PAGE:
They ignored me as did the three adults supervising.
The teenagers chatted among themselves, somewhat quietly.
They respected the space. They did their duty to the dead.
I’m sure they never once thought that one day they would end up in such a place as this themselves.
The weather should have been foggy and gloomy. The day should have been rainy.
Isn’t that the classic graveyard experience.
Night. Dark. Stormy. Regrets. Ghosts. Terror.
Did you know that a cemetery is a place where the land is specifically designated as a burial ground?
The older term graveyard, often used interchangeably with cemetery, refers to a burial ground within a churchyard.
Graveyards are ancient and haunted.
Cemeteries are modern and clean.
Nobody hangs around either place – nobody living that is. Not unless they have to.
I’ve always enjoyed exploring quiet places.
Places where nobody else ever hangs out call to me.
Maxine and I use to explore the cemeteries back home. We spent hours wandering around and reading gravestones.
We were learning about our home town by learning about who use to live there and no longer did.
We were both slightly morbid children with an odd religious bent.
We use to hang out at the church as well, after school and on Saturdays, when it was empty and quiet.
When it is quiet you can hear the past whispering.
It was the Victorians who use to picnic in the graveyard.
What does the quiet teach?
The quiet taught us how to be safe.
The quiet taught us how to be still.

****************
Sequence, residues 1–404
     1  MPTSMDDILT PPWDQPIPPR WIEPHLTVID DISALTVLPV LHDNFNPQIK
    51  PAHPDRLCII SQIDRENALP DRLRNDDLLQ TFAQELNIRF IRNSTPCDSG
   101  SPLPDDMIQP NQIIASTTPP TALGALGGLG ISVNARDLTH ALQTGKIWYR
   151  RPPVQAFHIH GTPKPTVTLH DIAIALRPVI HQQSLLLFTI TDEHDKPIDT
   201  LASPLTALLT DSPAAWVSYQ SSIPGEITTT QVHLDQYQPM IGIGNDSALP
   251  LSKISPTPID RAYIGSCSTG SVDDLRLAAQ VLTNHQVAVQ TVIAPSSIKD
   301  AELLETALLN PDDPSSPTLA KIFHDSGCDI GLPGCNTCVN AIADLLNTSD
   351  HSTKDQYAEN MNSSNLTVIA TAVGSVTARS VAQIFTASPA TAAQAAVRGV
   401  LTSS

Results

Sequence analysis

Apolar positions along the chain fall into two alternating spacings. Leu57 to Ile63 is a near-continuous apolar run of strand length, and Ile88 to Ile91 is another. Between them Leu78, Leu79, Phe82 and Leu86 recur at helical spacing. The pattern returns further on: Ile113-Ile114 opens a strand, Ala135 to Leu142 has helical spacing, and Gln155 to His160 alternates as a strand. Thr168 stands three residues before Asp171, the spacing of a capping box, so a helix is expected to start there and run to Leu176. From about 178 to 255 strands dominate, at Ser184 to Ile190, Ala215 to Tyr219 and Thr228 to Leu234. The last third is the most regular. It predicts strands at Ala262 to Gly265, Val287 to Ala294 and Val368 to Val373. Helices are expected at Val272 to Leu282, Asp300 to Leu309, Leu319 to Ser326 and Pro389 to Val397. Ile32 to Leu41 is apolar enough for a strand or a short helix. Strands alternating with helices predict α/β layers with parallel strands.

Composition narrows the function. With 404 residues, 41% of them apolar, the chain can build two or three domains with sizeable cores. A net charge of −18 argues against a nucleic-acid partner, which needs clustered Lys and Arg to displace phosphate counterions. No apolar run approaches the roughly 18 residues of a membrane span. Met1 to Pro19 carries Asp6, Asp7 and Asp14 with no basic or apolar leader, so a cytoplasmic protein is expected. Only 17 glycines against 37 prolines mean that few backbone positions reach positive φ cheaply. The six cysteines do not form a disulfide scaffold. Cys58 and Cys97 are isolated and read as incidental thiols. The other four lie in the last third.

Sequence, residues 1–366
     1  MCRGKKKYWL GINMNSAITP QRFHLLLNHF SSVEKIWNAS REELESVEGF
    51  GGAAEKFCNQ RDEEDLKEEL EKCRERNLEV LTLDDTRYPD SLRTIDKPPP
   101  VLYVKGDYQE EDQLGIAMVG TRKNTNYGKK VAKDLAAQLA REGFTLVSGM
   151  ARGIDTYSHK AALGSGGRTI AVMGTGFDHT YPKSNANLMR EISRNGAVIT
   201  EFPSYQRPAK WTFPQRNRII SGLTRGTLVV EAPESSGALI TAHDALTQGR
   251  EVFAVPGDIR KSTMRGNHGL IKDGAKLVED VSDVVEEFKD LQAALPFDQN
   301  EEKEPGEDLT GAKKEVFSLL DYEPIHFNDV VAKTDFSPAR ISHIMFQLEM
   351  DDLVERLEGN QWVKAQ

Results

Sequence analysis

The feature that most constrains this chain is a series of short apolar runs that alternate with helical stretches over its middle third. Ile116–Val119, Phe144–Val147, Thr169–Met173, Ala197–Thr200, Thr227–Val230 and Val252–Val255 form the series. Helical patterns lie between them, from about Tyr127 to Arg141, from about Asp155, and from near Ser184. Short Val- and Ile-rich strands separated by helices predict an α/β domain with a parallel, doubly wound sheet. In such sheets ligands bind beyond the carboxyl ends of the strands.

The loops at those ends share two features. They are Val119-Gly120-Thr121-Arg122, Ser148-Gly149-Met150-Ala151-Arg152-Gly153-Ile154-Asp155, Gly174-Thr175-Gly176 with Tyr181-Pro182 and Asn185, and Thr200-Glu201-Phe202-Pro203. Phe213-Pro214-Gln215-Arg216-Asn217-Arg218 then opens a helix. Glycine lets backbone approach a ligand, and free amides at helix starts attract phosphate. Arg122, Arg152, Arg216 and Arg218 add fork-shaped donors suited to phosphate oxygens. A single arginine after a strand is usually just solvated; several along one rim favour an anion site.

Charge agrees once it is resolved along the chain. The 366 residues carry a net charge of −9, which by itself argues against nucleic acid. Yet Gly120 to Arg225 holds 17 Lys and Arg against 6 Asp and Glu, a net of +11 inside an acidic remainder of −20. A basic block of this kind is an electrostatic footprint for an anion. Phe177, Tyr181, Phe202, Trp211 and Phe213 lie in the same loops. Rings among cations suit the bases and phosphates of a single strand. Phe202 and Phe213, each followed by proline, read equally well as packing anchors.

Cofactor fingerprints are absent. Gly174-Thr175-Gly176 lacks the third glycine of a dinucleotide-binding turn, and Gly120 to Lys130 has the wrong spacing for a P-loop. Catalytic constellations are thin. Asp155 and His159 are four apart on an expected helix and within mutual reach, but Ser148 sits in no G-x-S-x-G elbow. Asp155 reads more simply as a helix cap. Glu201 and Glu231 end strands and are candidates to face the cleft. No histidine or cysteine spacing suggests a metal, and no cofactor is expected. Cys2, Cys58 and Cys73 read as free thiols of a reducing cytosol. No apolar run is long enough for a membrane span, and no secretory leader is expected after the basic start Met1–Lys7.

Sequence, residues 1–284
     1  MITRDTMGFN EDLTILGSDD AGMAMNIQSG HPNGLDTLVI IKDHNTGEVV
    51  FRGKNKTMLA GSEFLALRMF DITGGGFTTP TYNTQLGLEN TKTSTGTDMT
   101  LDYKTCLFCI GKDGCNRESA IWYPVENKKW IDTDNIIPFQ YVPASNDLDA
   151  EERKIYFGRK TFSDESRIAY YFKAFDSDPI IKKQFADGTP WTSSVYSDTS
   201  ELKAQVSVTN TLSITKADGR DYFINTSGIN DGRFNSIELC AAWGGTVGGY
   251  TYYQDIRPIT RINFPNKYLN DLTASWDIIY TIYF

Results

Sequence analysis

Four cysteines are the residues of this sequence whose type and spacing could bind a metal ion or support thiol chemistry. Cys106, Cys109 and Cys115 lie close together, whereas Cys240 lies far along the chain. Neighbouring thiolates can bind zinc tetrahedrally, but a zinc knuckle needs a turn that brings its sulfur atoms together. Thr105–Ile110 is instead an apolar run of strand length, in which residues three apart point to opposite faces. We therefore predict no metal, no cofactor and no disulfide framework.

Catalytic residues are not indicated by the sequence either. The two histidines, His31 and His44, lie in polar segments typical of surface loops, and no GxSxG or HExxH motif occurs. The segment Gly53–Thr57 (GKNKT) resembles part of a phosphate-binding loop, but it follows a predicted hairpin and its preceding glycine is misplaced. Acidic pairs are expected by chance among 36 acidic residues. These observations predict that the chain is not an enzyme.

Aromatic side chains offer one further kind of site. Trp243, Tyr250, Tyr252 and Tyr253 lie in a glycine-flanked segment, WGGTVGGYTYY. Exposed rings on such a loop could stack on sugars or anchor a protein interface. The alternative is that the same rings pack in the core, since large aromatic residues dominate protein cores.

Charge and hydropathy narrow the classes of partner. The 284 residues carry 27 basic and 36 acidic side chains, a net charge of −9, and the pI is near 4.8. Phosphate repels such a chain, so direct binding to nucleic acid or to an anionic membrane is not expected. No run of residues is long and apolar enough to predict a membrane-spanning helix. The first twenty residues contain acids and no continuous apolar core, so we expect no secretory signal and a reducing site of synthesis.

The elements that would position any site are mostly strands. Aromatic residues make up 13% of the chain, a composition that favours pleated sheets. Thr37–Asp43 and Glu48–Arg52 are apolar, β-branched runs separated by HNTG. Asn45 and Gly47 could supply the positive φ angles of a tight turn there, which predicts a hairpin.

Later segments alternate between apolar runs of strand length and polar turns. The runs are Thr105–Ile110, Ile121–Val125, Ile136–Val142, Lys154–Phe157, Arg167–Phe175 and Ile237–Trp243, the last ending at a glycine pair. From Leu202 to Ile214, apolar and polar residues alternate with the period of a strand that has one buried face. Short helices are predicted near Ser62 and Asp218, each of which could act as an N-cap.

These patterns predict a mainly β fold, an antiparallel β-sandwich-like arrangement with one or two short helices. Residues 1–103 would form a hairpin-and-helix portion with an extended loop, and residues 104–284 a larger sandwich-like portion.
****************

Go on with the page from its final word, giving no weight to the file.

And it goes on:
The quiet taught us how to be ourselves.
The quiet taught us.
What do you learn reading gravestones?
What do you learn about the present by studying the past?
You learn that babies die.
An adopted classmate had the same last name as all those baby graves all in a line in the cemetery.
You learn that families survive.
They survive fire and flood, hope and tears.
You learn who leaves and who comes back.
You learn that love endures.
You learn that love breaks.
You learn about life.
Look at these stones.
How different they are.
In the older cemeteries, there are many styles of gravestones.
They are carved and individualized.
They are written on, words engraved deep so that they would last forever.
They tell us stories of war and disease.
They tell us stories of family, of hope and love.
They shows us generations.
They show us travelers far from home.
They tell us stories.
They tell us stories of the living.
Who carved this?
Who picked out those words?
Who paid for it?
They tell us stories of the dead.
How long did they live?
Where did they come from?
Who did they leave behind?
The graveyard stories we usually tell each other are October stories.
They are Halloween stories.
They are stories of cats, rats and bats.
They show us the dark side.
We played at the gothic, Maxine and I, wandering cemeteries and graveyards.
We were calling out for ghosts.
We wanted to be haunted.
It seemed both were always calling out.
Only when it was quiet could we hear the stories they were telling.
Cemeteries are new, clean, void of substance.
Graveyards are ancient. Old.
There are no straight lines here.
I yearn to go back.
I yearn to go back in time.
I want to picnic in cemeteries and graveyards.
I want to eavesdrop on long forgotten conversations.
I want to be privy to secrets.
I want to be haunted.
Where are my ghosts?
Joy is a full day exploring an old cemetery with or without company.